Figure 37. 

Isognomon aff. australica (Reeve, 1858) (sensu Angelidis and Polyzoulis 2018) A, B, D, E Esentepe, Cyprus (sample NCY3H): left valve outer (A) and inner (B) views, right valve inner (D) and outer (E) views C, F Plakias, Crete (sample Rh.05_4M): left (C) and right (F) valve outer views. Scale bars: 2 mm.

Family Lucinidae J. Fleming, 1828

Pegophysema cf. philippiana (Reeve, 1850)

Figure 38

New records

Israel • 1 spcm; Palmachim; 31.9574°N, 34.6645°E; depth 36.2 m; 2 May 2018; soft substrate; box-corer; Shafdan project (sample 24(B)); size: L 15 mm, H 13.5 mm.

Remarks

Pegophysema philippiana was first found in the Mediterranean Sea in 2018 as a single valve from south of Tel Aviv (Mienis 2019). The specimen here reported is much smaller, and we acknowledge that the identification of juvenile individuals of this genus can only be tentative. We do not consider it conspecific to native species such as Loripinus fragilis (Philippi, 1836) because this latter species is much more inflated at this size, nor Loripes orbiculatus Poli, 1795 which has a different valve profile. If the identification is confirmed, this would be the first live collected specimen of P. philippiana in the Mediterranean Sea.

Figure 38. 

Pegophysema cf. philippiana (Reeve, 1850), Palmachim, Israel, Shafdan project (sample 24(B)): right valve outer (A) and dorsal (B) views. The pink hue is due to staining with eosin solution. Photograph courtesy S. Bartolini. Scale bar: 5 mm.

Chavania erythraea (Issel, 1869)

Figure 39

New records

Israel • 1 spcm; Palmachim; 31.9292°N, 34.6405°E; depth 36.9 m; 29 May 2004; soft substrate; grab; NM project (station 19); size: L 3.2 mm, H 3.2 mm.

Remarks

We report a juvenile but living individual of Chavania erythraea, a lucinid occurring in the Red Sea, the Persian (Arabian) Gulf and the Arabian Sea (Glover and Taylor 2001). This is the first record of this species from the Mediterranean Sea. Adults develop a commarginal lamellar sculpture.

Figure 39. 

Chavania erythraea (Issel, 1869), Palmachim, Israel, NM project (station 19): right valve inner (A, D) and left valve outer (B, E) views, hinge of right (C) and left (F) valve. The pink hue is due to staining with eosin solution. Scale bars: 1 mm (A, B, D, E); 0.5 mm (C, F).

Rugalucina angela (Melvill, 1899)

New records

Israel • 1 spcm, 1 v; Ashqelon; 31.6868°N, 34.5516°E; depth 11 m; 31 Oct. 2018; offshore rocky reef; suction sampler; HELM project (samples S58_2M, S58_3M).

Remarks

This species was first recorded as Pillucina vietnamica Zorina, 1978 (now in Rugalucina too) from the Mediterranean coast of Israel by Steger et al. (2018), who also illustrated it. A recent molecular phylogeny showed that R. vietnamica is distinct from R. angela and that the non-indigenous species in the Mediterranean belongs to this latter species, which occurs in the Red Sea and northwest Indian Ocean (Taylor and Glover 2019).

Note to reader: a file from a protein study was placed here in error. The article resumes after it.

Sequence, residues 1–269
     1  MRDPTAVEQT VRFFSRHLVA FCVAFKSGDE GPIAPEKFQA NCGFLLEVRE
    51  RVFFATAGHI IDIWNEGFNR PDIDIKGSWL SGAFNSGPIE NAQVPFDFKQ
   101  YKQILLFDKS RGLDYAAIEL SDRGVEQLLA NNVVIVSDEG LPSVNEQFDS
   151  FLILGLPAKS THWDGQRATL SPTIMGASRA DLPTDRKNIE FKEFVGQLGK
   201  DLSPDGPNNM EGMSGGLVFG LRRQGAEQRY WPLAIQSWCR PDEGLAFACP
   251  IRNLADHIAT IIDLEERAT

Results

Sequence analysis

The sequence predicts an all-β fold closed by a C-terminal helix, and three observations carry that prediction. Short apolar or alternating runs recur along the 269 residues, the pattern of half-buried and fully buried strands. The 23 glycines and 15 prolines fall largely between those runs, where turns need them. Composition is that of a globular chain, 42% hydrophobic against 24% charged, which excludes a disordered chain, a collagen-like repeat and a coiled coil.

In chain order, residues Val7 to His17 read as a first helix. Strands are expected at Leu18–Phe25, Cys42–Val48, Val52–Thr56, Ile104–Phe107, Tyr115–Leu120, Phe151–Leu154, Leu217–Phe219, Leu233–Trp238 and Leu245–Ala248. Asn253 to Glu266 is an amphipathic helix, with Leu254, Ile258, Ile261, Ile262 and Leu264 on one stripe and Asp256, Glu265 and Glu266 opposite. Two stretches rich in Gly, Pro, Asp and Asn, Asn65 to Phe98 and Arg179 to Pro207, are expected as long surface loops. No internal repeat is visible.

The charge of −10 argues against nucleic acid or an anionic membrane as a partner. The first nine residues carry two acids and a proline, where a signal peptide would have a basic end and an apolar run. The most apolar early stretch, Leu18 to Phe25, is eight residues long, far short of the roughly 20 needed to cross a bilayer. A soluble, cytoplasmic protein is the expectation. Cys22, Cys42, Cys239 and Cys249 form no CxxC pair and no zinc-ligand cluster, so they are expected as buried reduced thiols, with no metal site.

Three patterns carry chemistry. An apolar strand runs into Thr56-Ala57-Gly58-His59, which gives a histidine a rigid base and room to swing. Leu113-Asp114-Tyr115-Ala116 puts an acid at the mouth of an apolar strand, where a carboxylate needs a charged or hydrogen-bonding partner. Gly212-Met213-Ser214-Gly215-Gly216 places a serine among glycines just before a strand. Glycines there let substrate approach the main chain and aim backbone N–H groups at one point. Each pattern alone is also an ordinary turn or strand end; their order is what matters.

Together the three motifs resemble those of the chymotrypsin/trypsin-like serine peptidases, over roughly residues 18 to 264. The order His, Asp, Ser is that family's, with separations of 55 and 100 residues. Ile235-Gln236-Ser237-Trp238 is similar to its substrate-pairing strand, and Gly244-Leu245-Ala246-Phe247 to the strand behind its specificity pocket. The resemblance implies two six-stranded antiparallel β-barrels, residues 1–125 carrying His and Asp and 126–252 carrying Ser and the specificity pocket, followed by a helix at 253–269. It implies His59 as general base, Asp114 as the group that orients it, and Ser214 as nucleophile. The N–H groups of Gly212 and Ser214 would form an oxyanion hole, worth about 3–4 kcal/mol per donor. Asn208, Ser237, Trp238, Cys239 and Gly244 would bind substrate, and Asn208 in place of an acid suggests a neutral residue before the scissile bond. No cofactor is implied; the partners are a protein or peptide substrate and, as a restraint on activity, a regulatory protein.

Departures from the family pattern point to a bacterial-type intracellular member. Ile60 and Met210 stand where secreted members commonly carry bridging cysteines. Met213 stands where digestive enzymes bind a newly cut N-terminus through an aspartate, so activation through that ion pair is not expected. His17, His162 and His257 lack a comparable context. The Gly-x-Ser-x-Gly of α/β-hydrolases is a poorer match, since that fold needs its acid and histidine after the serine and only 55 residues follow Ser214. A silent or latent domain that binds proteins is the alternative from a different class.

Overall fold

Family Galeommatidae Gray, 1840

Nudiscintilla cf. glabra Lützen & Nielsen, 2005 (sensu Mifsud and Ovalis 2012)

Figure 40

New records

Israel • 1 v; Nahariyya, 200 m north of the entrance to the marina; 33.0149°N, 35.0890°E; depth 3–4 m; 6 Nov. 2018; pools with bioclastic sand in rocky bottom; snorkelled; J. Steger leg.; HELM project (sample D7); size: L 10.0 mm, H 6.4 mm (Figure 40A–E) • 1 spcm; Palmachim; 31.9285°N, 34.6947°E; depth 3 m; 7 Nov. 2018; attached to the lower valve of a living Lessepsian Spondylus; scuba diving; hand-picked; J. Steger & A. Ivkić leg.; HELM project (sample H17); size: L 4.2 mm, H 2.8 mm (Figure 40F, G).

Figure 40. 

Nudiscintilla cf. glabra Lützen & Nielsen, 2005 (sensu Mifsud and Ovalis 2012) A–E Nahariyya, Israel, HELM project (sample D7): outer (A) and inner (B) views, detail of hinge (C) and hinge in dorsal view (D, E) of right valve F, G Palmachim, Israel, HELM project (sample H17): right (F) and left (G) valve outer views. Scale bars: 3 mm (A, B); 0.5 mm (C, D); 0.2 mm (E); 1 mm (F, G).

Remarks

This non-indigenous species has first been recorded in the Mediterranean Sea by Mifsud and Ovalis (2012) as Nudiscintilla cf. glabra Lützen and Nielsen, 2005, based on five living specimens collected at Yumurtalik, Adana (Turkey) in shallow water. Their tentative identification was primarily guided by the external morphology of the living animals, which had a smooth mantle surface. This feature is characteristic for the monotypic genus Nudiscintilla (hence the genus name), but unusual among scintilloid galeommatids in general. Although no observations on living individuals could be made by us, the shell morphology of our material well matches that of the specimen illustrated in Mifsud and Ovalis (2012: fig. 1), suggesting conspecificity. Our findings represent the first records of this species from Israel. However, the dentition of the right valve as seen in SEM images (Figure 40C–E) clearly differs from that described by Lützen and Nielsen (2005) for Nudiscintilla: the latter has a single cardinal tooth in each valve and no lateral teeth. However, the studied right valve – the hinge of the single live-collected specimen was not examined to avoid damage – bears what appears to be two cardinal teeth (Figure 40C) that are fused at their base (Figure 40D, E), as well as a ridge posterior to the internal ligament which most likely is a lateral tooth. This ridge seems to correspond to the left of the two swellings indicated by a pair of arrows on the right hand side of Mifsud and Ovalis (2012: fig. 1e), while the right swelling might correspond to a narrow ridge visible also on the dorsal margin of our valve. Mifsud and Ovalis (2012) interpreted these features as aberrant shell growth, however, the presence of such ridges also in our right valve (Figure 40D) speaks against this hypothesis. Furthermore, their living individuals had a small tentacle situated above the widely gaping anterior inhalant region (cf. Mifsud and Ovalis (2012: 8, fig. 2a), however, the illustration of N. glabra in Lützen and Nielsen (2005: 292, fig. 38a) shows a small tentacle in the posterior exhalant region of the reflected mantle. In the light of the poorly developed taxonomy and great species diversity of galeommatid bivalves in the Indo-Pacific, further observations on living specimens, thorough comparisons with the type material from Thailand and molecular analyses are required to definitely clarify the relationship of Mediterranean specimens with N. glabra.